|Publication number||US7024735 B1|
|Application number||US 10/730,204|
|Publication date||Apr 11, 2006|
|Filing date||Dec 8, 2003|
|Priority date||Aug 10, 2001|
|Also published as||US6662416|
|Publication number||10730204, 730204, US 7024735 B1, US 7024735B1, US-B1-7024735, US7024735 B1, US7024735B1|
|Original Assignee||Morris Huggins|
|Export Citation||BiBTeX, EndNote, RefMan|
|Patent Citations (7), Referenced by (14), Classifications (10), Legal Events (6)|
|External Links: USPTO, USPTO Assignment, Espacenet|
This application is a continuation-in-part of application Ser. No. 09/928,006, filed on Aug. 10, 2001 now U.S. Pat. No. 6,662,416.
1. Field of the Invention
This invention relates generally to an artificial underwater catacomb and modular reef made of discrete, interlocking modules manufactured using concrete forms. A module or catacomb section can contain one or more urns for memorializing a person and providing an evocative environment for a visitor either diving or snorkeling. The invention also relates to a rapid and efficient method for manufacturing and installing the artificial underwater catacomb.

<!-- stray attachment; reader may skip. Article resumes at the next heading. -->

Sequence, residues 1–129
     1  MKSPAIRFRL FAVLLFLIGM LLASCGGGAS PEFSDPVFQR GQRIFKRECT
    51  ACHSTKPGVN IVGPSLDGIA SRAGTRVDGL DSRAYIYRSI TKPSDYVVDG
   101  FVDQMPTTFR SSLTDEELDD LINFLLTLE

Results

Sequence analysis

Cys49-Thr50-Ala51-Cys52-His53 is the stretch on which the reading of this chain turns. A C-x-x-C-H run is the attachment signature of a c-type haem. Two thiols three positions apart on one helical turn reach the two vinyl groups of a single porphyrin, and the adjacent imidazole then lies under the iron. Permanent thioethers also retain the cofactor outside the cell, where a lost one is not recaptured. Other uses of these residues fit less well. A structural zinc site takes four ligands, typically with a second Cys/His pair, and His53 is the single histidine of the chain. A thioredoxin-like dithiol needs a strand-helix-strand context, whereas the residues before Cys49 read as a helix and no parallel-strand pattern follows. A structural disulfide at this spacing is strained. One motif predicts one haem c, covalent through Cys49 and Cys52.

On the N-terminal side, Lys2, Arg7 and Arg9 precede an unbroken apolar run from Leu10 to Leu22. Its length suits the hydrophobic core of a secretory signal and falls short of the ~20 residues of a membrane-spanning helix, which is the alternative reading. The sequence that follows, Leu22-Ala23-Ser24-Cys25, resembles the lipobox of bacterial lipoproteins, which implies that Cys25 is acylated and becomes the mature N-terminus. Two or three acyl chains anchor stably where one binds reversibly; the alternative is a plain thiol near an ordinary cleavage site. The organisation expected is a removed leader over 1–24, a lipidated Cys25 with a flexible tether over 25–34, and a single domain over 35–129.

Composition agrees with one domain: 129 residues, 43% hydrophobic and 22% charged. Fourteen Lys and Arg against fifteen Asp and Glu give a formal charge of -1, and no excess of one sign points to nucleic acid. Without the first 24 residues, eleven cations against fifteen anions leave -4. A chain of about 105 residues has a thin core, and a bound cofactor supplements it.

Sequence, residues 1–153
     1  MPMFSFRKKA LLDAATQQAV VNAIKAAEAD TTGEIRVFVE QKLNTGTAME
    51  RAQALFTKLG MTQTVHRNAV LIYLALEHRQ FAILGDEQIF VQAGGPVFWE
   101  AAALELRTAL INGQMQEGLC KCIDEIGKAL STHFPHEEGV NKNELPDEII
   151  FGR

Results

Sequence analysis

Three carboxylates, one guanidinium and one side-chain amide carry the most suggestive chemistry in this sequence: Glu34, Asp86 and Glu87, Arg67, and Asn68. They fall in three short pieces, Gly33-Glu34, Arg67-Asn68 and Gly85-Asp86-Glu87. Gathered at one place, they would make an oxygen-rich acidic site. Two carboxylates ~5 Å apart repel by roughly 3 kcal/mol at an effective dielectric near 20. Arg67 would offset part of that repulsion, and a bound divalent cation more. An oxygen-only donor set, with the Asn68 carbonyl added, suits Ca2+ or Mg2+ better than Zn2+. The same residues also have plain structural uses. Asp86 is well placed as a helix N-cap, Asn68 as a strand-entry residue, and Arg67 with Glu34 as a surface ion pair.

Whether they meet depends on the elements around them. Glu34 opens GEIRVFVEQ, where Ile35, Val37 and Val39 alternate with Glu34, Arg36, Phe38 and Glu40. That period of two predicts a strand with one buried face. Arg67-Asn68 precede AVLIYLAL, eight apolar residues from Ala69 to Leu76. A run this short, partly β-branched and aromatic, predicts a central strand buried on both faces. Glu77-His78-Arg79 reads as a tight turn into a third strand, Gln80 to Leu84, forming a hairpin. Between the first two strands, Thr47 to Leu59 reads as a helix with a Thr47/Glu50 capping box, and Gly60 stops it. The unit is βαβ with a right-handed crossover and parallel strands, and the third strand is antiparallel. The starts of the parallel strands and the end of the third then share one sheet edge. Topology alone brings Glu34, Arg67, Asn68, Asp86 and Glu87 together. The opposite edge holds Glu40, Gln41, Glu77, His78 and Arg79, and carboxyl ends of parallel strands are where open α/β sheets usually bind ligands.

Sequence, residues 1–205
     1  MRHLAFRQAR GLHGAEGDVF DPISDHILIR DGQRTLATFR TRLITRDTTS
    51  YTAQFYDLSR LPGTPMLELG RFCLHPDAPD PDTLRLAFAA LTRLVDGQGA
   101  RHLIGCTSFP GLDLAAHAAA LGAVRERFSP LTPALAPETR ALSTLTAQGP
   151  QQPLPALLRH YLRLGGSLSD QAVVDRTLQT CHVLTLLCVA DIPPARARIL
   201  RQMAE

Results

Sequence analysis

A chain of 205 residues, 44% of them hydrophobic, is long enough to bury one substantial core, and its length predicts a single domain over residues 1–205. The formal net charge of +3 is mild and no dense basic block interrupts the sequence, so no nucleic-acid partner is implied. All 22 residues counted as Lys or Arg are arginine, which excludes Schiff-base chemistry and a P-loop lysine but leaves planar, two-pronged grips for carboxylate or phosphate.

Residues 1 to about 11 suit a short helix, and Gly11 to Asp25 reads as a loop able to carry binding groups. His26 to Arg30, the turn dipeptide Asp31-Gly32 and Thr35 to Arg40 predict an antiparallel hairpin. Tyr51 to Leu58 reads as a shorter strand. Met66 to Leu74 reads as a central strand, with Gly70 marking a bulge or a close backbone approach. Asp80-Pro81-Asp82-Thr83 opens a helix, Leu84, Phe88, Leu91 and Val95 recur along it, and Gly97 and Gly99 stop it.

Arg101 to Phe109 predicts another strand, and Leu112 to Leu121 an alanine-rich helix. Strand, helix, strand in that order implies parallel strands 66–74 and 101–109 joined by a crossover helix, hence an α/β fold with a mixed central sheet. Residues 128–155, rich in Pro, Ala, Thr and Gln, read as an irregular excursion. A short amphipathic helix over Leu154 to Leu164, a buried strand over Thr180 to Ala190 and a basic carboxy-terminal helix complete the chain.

2. Description of Related Art
Artificial reefs are generally known for preventing or controlling beach erosion, as well as providing environmentally compatible structures for attracting marine life, and fostering aquatic habitats. These reefs are used for the both greater enjoyment of coastal recreation by preserving sandy beaches and minimizing expensive and difficult reclamation projects, and in other applications to provide structure for underwater recreation by simulating a natural reef, with fish, coral, plant life, and other aquatic life forms which develop about the artificial structure.
Also, the combination of burial at sea and the cremation of human remains have been known since the tradition of the Vikings funerals, wherein the deceased was placed in a burning boat. Moreover, the burial at sea of human cremated remains is also known in modern times. In U.S. Pat. No. 3,732,602 to Vigh, human cremated remains are placed in biodegradable urns, so the deceased eventually is washed away into the sea.